Macintosh: Desktop Media & the Making of Pencil Test (1 of 2)

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TOPIC ---------------------------------------------

Companies who want to implement computer-generated video systems for their
training and PR departments wonder whether to go with the Macintosh open,
modular system or with an integrated system.

Some have seen non-Apple solutions that include a single, Amiga-based package
with automated, three-dimensional, frame-by-frame generation of NTSC video
sequences. The package also handles the problems of hiding window
boarders/title bars, genlocking, and so on.

Most have seen the "Pencil Test" video and feel that the quality of this video
is acceptable, but they were told from one of the other vendors that Apple
invested incredible resources into creating "Pencil Test" and that the process
used for "Pencil Test" was very time-consuming and inefficient.

What was the exact process for the creation of "Pencil Test"? How many people
worked for how long to produce the video?

DISCUSSION ---------------------------------------------

There are advantages and disadvantages both to the totally integrated systems
and the open modular systems. Totally integrated system's advantages include
having hardware and software tied directly together and having one place to get
support. Disadvantages include being locked into the one company's point of
view about how to do things, working only with their tools, and, often, being
locked into that company's software. An integrated solution on non-Macintosh
systems is most likely pieced together from a variety of third-party products.

Open module systems offer one of the main advantages of Macintosh: integration.
With the Macintosh consistency of user interface, different modules from
different publishers have the familiar user interface. The best drawing program
can be used with the best animation program while using the best video card.

There are standard graphics file formats that are used by animation
applications. Also, graphic images can be copied and pasted among most
Macintosh applications. For example, if a corporate logo is designed for
publishing in Macintosh publishing programs, that logo can be brought into the
Macintosh animation programs. The logo also can be used in programs for making
35mm slides or overhead transparencies. You don't need to redraw it or convert
from one computer format to another.

Another advantage of having a modular system is the hardware. The current
standard for graphics applications is 8 bits of data for each pixel or 256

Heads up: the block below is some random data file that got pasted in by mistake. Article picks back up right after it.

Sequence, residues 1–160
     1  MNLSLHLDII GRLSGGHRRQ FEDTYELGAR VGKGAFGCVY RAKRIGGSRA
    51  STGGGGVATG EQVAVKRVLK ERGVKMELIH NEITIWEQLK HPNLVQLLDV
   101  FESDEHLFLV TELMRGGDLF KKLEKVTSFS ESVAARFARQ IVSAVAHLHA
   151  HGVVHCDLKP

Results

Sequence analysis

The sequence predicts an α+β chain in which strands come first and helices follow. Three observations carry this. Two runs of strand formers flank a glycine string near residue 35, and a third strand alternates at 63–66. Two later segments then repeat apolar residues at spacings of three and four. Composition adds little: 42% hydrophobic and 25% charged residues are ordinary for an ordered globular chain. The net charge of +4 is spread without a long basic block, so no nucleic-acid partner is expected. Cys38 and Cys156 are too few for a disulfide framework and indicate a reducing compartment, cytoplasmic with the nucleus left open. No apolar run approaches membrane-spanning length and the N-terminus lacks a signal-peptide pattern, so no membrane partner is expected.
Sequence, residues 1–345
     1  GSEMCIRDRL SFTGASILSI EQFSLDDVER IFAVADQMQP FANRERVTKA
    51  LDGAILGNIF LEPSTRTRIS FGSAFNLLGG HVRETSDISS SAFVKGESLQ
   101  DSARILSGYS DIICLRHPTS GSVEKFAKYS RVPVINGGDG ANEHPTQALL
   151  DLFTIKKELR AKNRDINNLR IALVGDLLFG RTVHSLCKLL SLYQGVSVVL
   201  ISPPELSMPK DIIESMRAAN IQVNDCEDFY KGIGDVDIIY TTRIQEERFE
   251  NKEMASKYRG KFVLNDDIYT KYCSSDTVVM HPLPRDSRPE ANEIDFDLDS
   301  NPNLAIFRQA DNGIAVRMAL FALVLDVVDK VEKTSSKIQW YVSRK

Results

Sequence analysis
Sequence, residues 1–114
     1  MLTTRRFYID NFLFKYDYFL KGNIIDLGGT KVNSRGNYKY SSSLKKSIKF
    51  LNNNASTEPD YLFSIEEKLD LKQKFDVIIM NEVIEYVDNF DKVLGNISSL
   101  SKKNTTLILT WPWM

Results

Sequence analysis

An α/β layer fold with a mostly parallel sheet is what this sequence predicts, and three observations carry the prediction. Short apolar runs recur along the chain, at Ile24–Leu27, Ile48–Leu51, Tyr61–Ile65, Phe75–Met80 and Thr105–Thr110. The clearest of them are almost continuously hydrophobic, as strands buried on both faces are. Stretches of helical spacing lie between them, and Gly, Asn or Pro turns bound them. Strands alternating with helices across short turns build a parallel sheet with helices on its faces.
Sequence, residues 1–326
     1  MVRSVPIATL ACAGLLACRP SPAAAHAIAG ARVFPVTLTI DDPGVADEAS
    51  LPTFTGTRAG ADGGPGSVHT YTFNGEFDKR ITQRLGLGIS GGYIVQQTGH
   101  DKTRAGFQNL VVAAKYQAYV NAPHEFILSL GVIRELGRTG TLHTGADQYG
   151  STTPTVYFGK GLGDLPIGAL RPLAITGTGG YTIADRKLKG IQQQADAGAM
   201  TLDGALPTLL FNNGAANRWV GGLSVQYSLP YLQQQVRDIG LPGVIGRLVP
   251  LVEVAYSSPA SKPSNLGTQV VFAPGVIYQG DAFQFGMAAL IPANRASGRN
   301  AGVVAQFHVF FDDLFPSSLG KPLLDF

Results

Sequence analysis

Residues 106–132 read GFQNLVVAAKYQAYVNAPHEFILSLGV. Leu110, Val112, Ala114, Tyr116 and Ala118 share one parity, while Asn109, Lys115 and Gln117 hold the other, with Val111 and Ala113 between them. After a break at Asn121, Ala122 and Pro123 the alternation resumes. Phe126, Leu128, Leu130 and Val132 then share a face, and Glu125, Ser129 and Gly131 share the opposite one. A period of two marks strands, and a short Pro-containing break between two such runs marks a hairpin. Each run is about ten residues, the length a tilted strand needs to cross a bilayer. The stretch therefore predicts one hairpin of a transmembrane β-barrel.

colors at one time. Many hardware and software companies are now working on 32
bits of data for each pixel or more than 16,000,000 colors on screen at one
time. In a modular environment, as technology progresses, the animation
environment can progress by updating the portions that are necessary--not
changing to something entirely different.

The basis of the MacroMind system is VideoWorks. VideoWorks II and Director
has the ability to hide window boarders, title bars, and menu bar. MacroMind
has also worked with other graphics companies to establish a standard file
format for the exchange of animated sequences. This format is called PICS.

Aegis offers Showcase F/X for doing animated titles.

Certain Macintosh video cards, designed for outputting to NTSC, correctly
handle all the issues concerned with placing Macintosh graphics on video tape,
like overscan and genlock. The AST video board, the Mass-Micro Color-Space II,
ComputerFriends TV Producer, TrueVision NuVista cards with VIDI/O Box, and
RasterOps ColorBoard 64NC all are boards that handle the proper placement of
the graphic images for full-screen coverage and genlock.

There are other methods for moving Macintosh graphics to video tape. For
example, RGB Technology has RGB/Videolink 400, 1400, and 1400A. These are
video scan converters for the RGB output of the Macintosh II. One issue that
normally surfaces with the NTSC boards is NTSC flicker. Flicker occurs because
a television image is created by scanning alternate lines. When a computer
graphic image is only one pixel wide, it is put on the screen only half of the
time. This is what causes flicker. Video scan converters eliminate this
interlace flicker.

For a Pencil Test-quality production, any system from any vendor requires
similar amounts of time and resources to be spent. It is a simple equation in
the computer animation business: Quality = Time + Resources.

Amiga animation and Pencil Test do not compare well. The Amiga solution uses
256 colors/8 bits per pixel, while Pencil Test uses 16,800,000 colors or 24
bits per pixel. Doing the shading used in Pencil Test on an Amiga results in a
palette of a few main colors with many shades of those few colors. Also, be
aware that many of the video products for the Amiga work at a resolution of 320
x 200 pixels. This is a fairly low-resolution graphics when compared to the
Macintosh solutions using a minimum of 640 x 480 pixels. Using a product like
RGB/Videolink 1400A, it is feasible to use pixel counts as high as can be
purchased; that is, 2048 x 1024, 1024 x 1024, and so on.

Of interest, the developers of the top Amiga animation products are in the
process of moving their applications to the Macintosh II. Many have completed
the move.

Published Date: Feb 18, 2012